‘Very significantly, no evidence of a spolvero — or tracing — can be seen.

‘The painting contains many pentimenti — changes made during the work — indicating that this was a continuous creative process.’

‘Such changes could only be made under the direction of a master painter.’

The inscription appears on a black jug on the floor at the foot of the table (pictured) — exactly where the same appears on another version of the Last Supper by Titian

The inscription appears on a black jug on the floor at the foot of the table (pictured) — exactly where the same appears on another version of the Last Supper by Titian

The signature was revealed through a microscopic examination of the work under ultraviolet light. Although damaged, much of the letters TITIANVS remain visible. Pictured, the painting as seen under ultraviolet, with a copy of Titian's signature overlain, bottom, for comparison

The signature was revealed through a microscopic examination of the work under ultraviolet light. Although damaged, much of the letters TITIANVS remain visible. Pictured, the painting as seen under ultraviolet, with a copy of Titian’s signature overlain, bottom, for comparison

Based on his analysis, Mr Moore has concluded that the painting was completed over the course of some two decades by various painters in Titian’s workshop, who would have emulated his style. 

The expert said that he detects the distinctive hand of Palma il Giovane, or ‘Jacopo’, who is also known to have completed Titian’s ‘Pietà’ after the latter artist’s death.

In addition, the Ledbury Last Supper also bears the monogram of Titian’s established collaborator, Girolamo Dente, on one of the depicted walls.

‘He had so many commissions, he simply couldn’t keep up,’ the expert said of the 16-th century painter and his busy workshop.

‘Some were from people like Philip II of Spain. His [commissions] were important and a convent’s probably wasn’t at all. So that’s why I think this picture got left behind.’

Mr Moore believes that the painting was likely completed in the year 1580 — four years after the death of both Titian and his son Orazio. 

Based on his analysis, Mr Moore has concluded that the painting was completed over the course of some two decades by various painters in Titian’s workshop, who would have emulated his style. Pictured: a pentimento (a visible trace of an earlier painting) of the serving boy on the left can be seen behind the gold-robed apostle with Titian's face — the boy was later repainted to appear in the doorway instead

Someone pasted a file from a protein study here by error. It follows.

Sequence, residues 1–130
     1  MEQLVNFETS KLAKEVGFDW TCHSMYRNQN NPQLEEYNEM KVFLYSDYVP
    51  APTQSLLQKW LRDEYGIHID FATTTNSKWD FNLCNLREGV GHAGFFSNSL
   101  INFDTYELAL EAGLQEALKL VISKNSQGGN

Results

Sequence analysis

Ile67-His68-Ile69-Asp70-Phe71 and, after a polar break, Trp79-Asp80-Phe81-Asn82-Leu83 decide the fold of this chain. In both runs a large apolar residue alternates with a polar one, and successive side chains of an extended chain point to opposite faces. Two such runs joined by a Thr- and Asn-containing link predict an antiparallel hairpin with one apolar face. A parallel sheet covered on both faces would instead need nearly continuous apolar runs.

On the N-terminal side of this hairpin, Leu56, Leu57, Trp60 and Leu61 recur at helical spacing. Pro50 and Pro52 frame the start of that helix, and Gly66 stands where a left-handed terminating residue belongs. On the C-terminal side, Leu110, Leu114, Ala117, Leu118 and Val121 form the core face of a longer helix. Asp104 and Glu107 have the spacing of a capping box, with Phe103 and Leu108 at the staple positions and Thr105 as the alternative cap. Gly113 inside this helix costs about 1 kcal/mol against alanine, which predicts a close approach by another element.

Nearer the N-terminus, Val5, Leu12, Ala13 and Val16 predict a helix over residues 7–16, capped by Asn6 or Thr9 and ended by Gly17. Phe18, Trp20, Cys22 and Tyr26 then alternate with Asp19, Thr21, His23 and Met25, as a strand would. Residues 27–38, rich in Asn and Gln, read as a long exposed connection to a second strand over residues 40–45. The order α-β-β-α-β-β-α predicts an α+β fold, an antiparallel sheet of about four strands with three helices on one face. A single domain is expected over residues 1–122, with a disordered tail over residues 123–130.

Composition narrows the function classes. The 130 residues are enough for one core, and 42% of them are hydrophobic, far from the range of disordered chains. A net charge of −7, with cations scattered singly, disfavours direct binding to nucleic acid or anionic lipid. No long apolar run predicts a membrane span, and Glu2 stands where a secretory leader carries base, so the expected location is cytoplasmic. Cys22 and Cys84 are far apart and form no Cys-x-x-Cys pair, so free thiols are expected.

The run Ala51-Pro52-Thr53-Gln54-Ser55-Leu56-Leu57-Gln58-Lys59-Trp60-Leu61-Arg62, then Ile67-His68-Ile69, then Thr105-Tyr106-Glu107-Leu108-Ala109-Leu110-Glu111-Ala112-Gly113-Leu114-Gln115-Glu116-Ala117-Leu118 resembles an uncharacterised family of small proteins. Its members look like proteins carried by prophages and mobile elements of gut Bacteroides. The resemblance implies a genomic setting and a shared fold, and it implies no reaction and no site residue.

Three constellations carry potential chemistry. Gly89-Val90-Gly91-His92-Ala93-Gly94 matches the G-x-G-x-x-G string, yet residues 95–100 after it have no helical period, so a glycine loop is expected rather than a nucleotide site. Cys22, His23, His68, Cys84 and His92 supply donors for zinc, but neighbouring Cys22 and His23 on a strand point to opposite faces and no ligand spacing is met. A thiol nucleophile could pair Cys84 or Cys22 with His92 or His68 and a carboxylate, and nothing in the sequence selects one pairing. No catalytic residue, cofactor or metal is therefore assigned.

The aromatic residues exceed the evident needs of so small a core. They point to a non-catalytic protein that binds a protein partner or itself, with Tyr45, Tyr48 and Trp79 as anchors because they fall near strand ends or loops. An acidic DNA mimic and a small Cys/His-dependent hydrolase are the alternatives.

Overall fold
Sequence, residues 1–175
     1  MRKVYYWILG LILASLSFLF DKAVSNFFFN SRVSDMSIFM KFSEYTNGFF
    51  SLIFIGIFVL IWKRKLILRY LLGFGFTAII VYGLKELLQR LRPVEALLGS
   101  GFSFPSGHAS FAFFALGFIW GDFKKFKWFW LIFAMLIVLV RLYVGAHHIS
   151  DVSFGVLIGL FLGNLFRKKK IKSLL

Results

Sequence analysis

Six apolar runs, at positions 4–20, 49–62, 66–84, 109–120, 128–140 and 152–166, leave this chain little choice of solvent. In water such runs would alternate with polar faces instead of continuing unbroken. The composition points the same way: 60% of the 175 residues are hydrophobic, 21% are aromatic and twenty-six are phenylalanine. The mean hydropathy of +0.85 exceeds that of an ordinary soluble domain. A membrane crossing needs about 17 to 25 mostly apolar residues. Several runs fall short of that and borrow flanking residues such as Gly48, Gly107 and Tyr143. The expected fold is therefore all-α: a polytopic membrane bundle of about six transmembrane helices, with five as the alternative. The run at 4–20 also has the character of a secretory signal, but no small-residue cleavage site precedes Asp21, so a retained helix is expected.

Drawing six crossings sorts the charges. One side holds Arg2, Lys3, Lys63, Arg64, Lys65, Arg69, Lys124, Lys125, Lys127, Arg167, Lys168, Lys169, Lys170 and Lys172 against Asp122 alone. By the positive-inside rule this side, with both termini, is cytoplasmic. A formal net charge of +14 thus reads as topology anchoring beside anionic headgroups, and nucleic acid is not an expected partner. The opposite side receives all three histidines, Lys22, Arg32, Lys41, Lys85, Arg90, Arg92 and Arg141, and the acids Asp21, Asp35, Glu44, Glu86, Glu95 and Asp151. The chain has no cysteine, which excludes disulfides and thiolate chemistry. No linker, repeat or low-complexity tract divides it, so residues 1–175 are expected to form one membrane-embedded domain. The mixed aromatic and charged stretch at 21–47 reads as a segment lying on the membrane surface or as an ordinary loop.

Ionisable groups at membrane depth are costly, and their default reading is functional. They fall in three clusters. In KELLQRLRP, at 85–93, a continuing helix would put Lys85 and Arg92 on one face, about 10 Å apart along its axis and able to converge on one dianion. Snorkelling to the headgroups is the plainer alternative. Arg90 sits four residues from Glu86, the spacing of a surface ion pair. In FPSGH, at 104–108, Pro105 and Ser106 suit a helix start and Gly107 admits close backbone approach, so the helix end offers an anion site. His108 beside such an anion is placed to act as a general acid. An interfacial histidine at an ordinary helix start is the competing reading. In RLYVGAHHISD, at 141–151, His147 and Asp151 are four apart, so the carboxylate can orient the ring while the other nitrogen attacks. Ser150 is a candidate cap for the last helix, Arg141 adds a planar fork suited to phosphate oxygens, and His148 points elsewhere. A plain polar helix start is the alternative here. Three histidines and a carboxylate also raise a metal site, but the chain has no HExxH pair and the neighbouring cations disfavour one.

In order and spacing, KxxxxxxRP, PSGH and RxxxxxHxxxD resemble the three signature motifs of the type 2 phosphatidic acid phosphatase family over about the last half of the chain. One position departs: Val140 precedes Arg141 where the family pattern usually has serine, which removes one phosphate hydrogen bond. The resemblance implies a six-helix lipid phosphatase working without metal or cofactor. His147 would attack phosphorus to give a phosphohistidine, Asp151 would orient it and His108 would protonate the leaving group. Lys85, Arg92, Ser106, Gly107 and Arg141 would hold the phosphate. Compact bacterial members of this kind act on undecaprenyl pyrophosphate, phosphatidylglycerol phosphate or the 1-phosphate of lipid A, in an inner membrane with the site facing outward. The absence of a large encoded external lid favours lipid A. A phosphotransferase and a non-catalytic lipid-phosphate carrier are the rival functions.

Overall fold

Based on his analysis, Mr Moore has concluded that the painting was completed over the course of some two decades by various painters in Titian’s workshop, who would have emulated his style. Pictured: a pentimento (a visible trace of an earlier painting) of the serving boy on the left can be seen behind the gold-robed apostle with Titian’s face — the boy was later repainted to appear in the doorway instead

Based on his analysis, Mr Moore has concluded that the painting was completed over the course of some two decades by various painters in Titian’s workshop, who would have emulated his style. The expert said he detects the hand of Palma il Giovane, or 'Jacopo', who is also known to have completed Titian’s 'Pietà' (pictured) after the latter artist's death

Based on his analysis, Mr Moore has concluded that the painting was completed over the course of some two decades by various painters in Titian’s workshop, who would have emulated his style. The expert said he detects the hand of Palma il Giovane, or ‘Jacopo’, who is also known to have completed Titian’s ‘Pietà’ (pictured) after the latter artist’s death

Pictured: Mr Moore's book on the discovery

Pictured: Mr Moore’s book on the discovery

‘The painting has suffered damage over the years and what we now see is not as it once appeared,’ Mr Moore told the Times.

‘Many glazes had been removed in old restorations. Much detail and tone has been lost,’ he explained.

‘Blues changed dramatically due to smalt going grey, glazes have altered colours.’

‘The revelations about the painting add to our understanding and enjoyment of this wonderful work, which gives our community and visitors a snapshot of Christ’s life of loving service and sacrifice,’ St Michael and All Angels’ rector, Keith Hilton-Turvey, told MailOnline.

‘Thanks to Ronald Moore and Patricia Kenny for their careful research,’ he added. 

 The full findings of the study will be published on March 26 in Mr Moore’s upcoming book, Titian’s Lost Last Supper: A New Workshop Discovery

'We’ve really appreciated all the work that [Mr Moore's] done,' St Michael and All Angels' rector, Keith Hilton-Turvey, told the Times. Pictured: the exterior of the church in Ledbury

‘We’ve really appreciated all the work that [Mr Moore’s] done,’ St Michael and All Angels’ rector, Keith Hilton-Turvey, told the Times. Pictured: the exterior of the church in Ledbury

Mr Moore first examined the 12.5 foot (3.8 metres) -long painting in St Michael and All Angels while visiting the church to restore another Last Supper, this one a 19th century copy of Leonardo da Vinci's iconic representation, which hangs above the altar, as pictured

Mr Moore first examined the 12.5 foot (3.8 metres) -long painting in St Michael and All Angels while visiting the church to restore another Last Supper, this one a 19th century copy of Leonardo da Vinci’s iconic representation, which hangs above the altar, as pictured

Art historian and conservator Ronald Moore found evidence to link the artwork in St Michael and All Angels church in Ledbury with the 16th Century painter's workshop

Art historian and conservator Ronald Moore found evidence to link the artwork in St Michael and All Angels church in Ledbury with the 16th Century painter’s workshop